27. This subcomponent building on subcomponent 3A will support the further institutional development of HPFD. It will provide TA to conduct a functional review of forest institutions (FRFI) that will produce a vision,

goal, and time-bound action plan for change that is expected to inform institutional reform in HP and other states. This subcomponent will also help develop an initial set of prioritized institutional governance reforms. These reforms may include inter alia: (a) the development and implementation of a comprehensive HPFD IT and knowledge strategy that integrates all relevant applications on a common geospatial platform and allows for watershed-level planning; (b) the development and implementation of a comprehensive HPFD M&E system; (c) the establishment of a centralized staff performance monitoring system; and (d) the development of regulatory and management standards for pastures. The IT and knowledge strategy and M&E system will incorporate relevant climate-related data and research, for example to track forest quality (since forest degradation is linked to increased flood risk) and to identify the most appropriate tree species and forest management practices in light of changing rainfall patterns and temperatures. Similarly, the pasture regulatory and management standards will account for the impact of changing rainfall patterns and temperatures on pasture management, for example by promoting climate-adapted species and practices, which will lead to increased carbon pools by reducing pasture degradation and increasing above- and below-ground (soil) biomass. Finally, this subcomponent will finance training and capacity-building activities based on a comprehensive training plan. The trainings will cover diverse subjects and will be designed with a climate change lens to build resilience and mitigation; for example, trainings on GP-RMP development will include guidance on how to ensure that climate change is adequately addressed in these plans, and the extension trainings will emphasize CSA practices and technologies to increase the adaptive capacity of farmers, reduce GHG emissions and enhance carbon sequestration, and improve the resilience and resource use efficiency agricultural production systems in HP. Training modules will be made available online to enable stakeholders in other states to benefit from this knowledge. The consultancy contracts required would include: (i) FRFI; (ii) development and implementation of an IT Strategy including monitoring and evaluation; and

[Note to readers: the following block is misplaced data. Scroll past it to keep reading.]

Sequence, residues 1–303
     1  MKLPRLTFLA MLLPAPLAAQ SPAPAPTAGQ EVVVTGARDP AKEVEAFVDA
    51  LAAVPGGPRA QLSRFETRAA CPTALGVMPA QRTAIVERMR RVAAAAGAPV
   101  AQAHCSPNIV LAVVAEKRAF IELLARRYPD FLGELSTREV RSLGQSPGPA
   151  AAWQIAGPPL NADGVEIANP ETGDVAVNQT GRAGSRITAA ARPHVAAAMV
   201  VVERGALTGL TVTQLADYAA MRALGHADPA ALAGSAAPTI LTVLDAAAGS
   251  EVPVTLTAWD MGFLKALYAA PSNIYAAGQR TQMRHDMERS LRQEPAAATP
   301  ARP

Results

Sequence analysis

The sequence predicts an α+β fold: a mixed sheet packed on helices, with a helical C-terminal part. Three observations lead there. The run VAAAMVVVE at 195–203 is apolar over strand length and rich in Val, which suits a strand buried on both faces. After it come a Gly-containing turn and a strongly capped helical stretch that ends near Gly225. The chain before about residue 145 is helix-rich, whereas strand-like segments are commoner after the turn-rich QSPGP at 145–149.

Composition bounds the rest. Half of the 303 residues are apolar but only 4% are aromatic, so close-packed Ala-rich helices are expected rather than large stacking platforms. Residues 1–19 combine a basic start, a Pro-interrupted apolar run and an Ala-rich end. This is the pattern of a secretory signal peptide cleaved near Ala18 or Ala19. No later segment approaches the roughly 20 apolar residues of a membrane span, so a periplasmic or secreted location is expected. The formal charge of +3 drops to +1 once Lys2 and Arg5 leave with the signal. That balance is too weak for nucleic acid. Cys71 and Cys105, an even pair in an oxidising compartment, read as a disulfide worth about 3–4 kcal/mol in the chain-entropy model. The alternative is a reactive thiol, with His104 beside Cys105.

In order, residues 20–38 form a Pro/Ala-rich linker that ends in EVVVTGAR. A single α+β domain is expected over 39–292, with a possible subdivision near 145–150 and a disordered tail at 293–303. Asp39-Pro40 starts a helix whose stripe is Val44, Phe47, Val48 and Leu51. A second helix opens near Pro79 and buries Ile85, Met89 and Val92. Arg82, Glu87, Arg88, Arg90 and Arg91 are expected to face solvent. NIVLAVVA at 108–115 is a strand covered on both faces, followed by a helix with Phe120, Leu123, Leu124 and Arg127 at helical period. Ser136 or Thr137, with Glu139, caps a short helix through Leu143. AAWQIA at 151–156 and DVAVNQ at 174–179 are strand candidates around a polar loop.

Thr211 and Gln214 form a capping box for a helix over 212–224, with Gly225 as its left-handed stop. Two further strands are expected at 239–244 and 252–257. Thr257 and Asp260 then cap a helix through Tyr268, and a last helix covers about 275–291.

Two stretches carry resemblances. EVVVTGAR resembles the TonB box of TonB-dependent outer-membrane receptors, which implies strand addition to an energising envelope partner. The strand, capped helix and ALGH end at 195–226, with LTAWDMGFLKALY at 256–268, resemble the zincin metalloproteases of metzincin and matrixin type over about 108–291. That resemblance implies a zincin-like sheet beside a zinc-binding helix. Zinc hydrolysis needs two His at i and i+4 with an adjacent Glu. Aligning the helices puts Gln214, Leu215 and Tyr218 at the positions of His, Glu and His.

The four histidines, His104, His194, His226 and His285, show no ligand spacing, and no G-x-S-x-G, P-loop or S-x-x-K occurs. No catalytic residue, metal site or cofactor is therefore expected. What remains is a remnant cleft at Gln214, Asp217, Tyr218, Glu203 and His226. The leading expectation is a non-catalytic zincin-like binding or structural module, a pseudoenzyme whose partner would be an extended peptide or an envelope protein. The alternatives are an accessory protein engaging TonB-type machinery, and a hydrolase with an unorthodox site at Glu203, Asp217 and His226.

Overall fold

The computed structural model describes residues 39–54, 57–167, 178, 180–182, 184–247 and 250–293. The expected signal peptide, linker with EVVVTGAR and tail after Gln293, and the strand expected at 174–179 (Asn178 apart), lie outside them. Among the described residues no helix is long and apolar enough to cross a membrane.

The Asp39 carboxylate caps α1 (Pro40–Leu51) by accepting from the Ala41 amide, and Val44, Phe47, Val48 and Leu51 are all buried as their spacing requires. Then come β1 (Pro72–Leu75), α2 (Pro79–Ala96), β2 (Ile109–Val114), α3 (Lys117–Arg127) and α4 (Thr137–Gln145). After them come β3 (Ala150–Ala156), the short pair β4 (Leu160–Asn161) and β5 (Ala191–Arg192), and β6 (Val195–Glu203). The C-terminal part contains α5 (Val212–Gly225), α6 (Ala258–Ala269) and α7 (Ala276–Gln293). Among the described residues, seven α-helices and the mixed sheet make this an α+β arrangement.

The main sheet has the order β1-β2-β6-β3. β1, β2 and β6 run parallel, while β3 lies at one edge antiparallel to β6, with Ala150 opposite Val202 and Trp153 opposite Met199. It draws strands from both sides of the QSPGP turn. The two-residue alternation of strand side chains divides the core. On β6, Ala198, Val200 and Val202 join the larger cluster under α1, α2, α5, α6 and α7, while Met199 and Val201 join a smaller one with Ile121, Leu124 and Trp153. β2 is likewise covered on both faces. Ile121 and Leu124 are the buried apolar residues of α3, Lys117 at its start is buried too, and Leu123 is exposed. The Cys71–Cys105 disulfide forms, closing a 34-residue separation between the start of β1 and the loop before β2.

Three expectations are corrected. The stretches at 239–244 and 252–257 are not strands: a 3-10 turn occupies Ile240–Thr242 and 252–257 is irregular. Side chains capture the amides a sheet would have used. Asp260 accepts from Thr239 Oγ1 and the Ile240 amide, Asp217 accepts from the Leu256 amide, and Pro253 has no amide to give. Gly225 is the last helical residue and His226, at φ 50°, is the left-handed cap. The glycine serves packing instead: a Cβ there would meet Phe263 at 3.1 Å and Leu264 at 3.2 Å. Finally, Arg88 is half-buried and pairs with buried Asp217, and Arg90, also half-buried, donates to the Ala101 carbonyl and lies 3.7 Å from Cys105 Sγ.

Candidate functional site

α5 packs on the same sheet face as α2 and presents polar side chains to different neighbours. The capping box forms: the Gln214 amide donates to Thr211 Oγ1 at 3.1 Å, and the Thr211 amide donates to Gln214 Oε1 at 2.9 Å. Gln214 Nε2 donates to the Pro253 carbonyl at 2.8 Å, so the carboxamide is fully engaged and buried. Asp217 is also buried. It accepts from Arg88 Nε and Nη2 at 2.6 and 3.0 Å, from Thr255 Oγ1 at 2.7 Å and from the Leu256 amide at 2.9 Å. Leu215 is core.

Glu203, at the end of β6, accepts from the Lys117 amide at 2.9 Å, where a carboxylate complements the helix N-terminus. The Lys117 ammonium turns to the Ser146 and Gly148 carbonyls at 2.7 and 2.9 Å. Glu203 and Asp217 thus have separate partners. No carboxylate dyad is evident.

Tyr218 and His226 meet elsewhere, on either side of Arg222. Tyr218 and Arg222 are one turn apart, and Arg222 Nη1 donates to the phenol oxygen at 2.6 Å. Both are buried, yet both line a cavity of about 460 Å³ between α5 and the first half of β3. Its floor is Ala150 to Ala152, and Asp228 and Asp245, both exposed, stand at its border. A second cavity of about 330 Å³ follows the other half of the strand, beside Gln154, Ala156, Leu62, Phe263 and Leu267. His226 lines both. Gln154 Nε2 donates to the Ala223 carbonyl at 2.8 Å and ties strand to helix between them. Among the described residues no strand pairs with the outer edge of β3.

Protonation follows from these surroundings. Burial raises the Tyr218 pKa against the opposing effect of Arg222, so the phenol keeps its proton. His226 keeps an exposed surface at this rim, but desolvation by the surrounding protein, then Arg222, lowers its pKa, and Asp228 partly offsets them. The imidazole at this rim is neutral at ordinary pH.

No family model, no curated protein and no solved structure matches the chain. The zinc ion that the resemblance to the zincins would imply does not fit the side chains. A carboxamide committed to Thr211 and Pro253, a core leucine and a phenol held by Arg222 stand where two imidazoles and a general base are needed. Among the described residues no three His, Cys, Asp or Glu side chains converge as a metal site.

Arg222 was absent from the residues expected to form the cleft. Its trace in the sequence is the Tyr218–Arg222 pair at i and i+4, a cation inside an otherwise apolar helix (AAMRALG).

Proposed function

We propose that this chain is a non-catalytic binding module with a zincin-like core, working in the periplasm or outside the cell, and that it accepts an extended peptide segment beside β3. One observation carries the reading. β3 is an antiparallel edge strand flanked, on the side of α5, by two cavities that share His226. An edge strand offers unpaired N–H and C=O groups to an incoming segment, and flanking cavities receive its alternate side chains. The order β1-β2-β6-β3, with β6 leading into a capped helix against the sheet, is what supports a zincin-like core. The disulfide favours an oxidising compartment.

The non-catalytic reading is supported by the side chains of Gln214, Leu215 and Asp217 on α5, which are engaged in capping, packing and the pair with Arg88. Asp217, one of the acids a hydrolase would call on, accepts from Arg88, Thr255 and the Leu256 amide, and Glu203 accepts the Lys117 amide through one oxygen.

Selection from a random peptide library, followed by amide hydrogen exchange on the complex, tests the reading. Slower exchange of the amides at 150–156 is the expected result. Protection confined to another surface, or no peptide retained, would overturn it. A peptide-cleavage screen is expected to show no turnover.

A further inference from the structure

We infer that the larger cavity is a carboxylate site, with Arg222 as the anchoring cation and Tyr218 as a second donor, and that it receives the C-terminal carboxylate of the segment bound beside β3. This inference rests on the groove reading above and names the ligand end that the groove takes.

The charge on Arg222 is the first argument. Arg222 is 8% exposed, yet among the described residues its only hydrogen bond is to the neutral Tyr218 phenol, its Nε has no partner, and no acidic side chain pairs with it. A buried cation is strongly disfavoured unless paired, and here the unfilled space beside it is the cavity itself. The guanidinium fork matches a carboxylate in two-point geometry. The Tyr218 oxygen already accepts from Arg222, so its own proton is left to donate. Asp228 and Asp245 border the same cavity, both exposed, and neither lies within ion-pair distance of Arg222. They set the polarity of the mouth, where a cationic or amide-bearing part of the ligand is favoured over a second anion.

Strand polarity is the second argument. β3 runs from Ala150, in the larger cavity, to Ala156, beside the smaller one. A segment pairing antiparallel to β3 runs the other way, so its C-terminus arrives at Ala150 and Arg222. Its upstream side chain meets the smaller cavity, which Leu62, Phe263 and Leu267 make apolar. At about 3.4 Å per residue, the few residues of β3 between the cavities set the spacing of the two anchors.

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(iii) development and delivery of new training modules. The IT Strategy will incorporate the hydrological monitoring system developed under subcomponent 1A.

Component 4: Project Management (US$9.90 million; US$7.92 million IBRD)

28. This component will support project management, including key staff and operational costs. The project

management entity will be in the form of a PMU under the auspices of the HPFD, although, at least in the medium-term, financing will be required for staff on secondment from other Departments and externally recruited staff in areas with skillsets outside the current bureaucratic capacity, such as agribusiness. It would also support the project M&E functions, as well as grievance redress apparatus, and project communications and outreach, including the contribution to Lighthouse India through which project lessons can be shared with other states. This component will also include retroactive financing for project preparation.

C. Project Beneficiaries

29. The project will be implemented in 428 selected GPs in 32 Development Blocks of the ten districts of

Shimla, Solan, Sirmour, Bilaspur, Hamirpur, Mandi, Kullu, Chamba, Kangra & Una. Several economically disadvantaged GPs will be included in the project area. The stakeholders are primarily engaged in agriculture and horticulture with some livestock-based activities. The transhumant groups include Gaddis and Gujjars, who are dependent on the forest for rearing their livestock.

30. The key beneficiaries include individual farmers, including women, and farmer groups; disadvantaged groups, including the poor and scheduled populations, as well as nomadic/ transhumant/ pastoral communities; and GPs. These stakeholders will benefit from improved access to irrigation water, climate smart

extension services, and productive assets, as well as future reductions in land degradation. Women, and the community at large, will also benefit from employment opportunities in nursery and plantation activities and the development of high value agricultural value chains and Non-timber Forest Products (NTFPs). Community members will benefit from training on improved production and post-harvest practices, as well as technical and financial support to invest in sustainable value chain development. Improvements in fodder availability as a result of the Component 1 investments will particularly benefit women and STs, as they are most involved with livestock management. The project will also increase the skills and capacity of HPFD staff and other government officials. 31. The results chain (theory of change) is presented in Figure 1 below. The project addresses the overall